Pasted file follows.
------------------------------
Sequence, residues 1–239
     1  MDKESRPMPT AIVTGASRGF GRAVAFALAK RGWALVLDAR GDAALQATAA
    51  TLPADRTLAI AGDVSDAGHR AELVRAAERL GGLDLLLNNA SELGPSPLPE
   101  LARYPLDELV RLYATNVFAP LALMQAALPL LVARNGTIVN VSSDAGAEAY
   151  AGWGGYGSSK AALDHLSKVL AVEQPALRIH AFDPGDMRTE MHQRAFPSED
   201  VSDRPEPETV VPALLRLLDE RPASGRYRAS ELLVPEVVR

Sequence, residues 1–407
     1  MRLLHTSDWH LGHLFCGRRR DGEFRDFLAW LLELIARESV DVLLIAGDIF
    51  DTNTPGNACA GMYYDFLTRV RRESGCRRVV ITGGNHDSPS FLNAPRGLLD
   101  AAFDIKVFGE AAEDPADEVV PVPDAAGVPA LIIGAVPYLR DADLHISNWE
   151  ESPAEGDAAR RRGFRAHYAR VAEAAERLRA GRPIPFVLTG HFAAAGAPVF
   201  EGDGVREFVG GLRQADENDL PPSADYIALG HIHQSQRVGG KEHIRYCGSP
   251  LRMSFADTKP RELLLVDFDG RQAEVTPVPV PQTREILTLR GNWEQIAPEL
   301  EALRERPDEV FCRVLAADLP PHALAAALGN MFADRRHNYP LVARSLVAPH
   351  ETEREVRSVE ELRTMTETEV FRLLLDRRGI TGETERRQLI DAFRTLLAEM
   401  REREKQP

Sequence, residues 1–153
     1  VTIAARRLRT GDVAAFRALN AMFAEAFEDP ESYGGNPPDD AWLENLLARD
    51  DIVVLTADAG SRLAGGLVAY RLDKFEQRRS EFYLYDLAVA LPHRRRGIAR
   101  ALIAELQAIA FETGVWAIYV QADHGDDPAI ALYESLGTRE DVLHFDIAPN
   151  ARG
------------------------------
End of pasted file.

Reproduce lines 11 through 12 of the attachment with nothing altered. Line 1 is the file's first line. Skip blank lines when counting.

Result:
   151  ESPAEGDAAR RRGFRAHYAR VAEAAERLRA GRPIPFVLTG HFAAAGAPVF
   201  EGDGVREFVG GLRQADENDL PPSADYIALG HIHQSQRVGG KEHIRYCGSP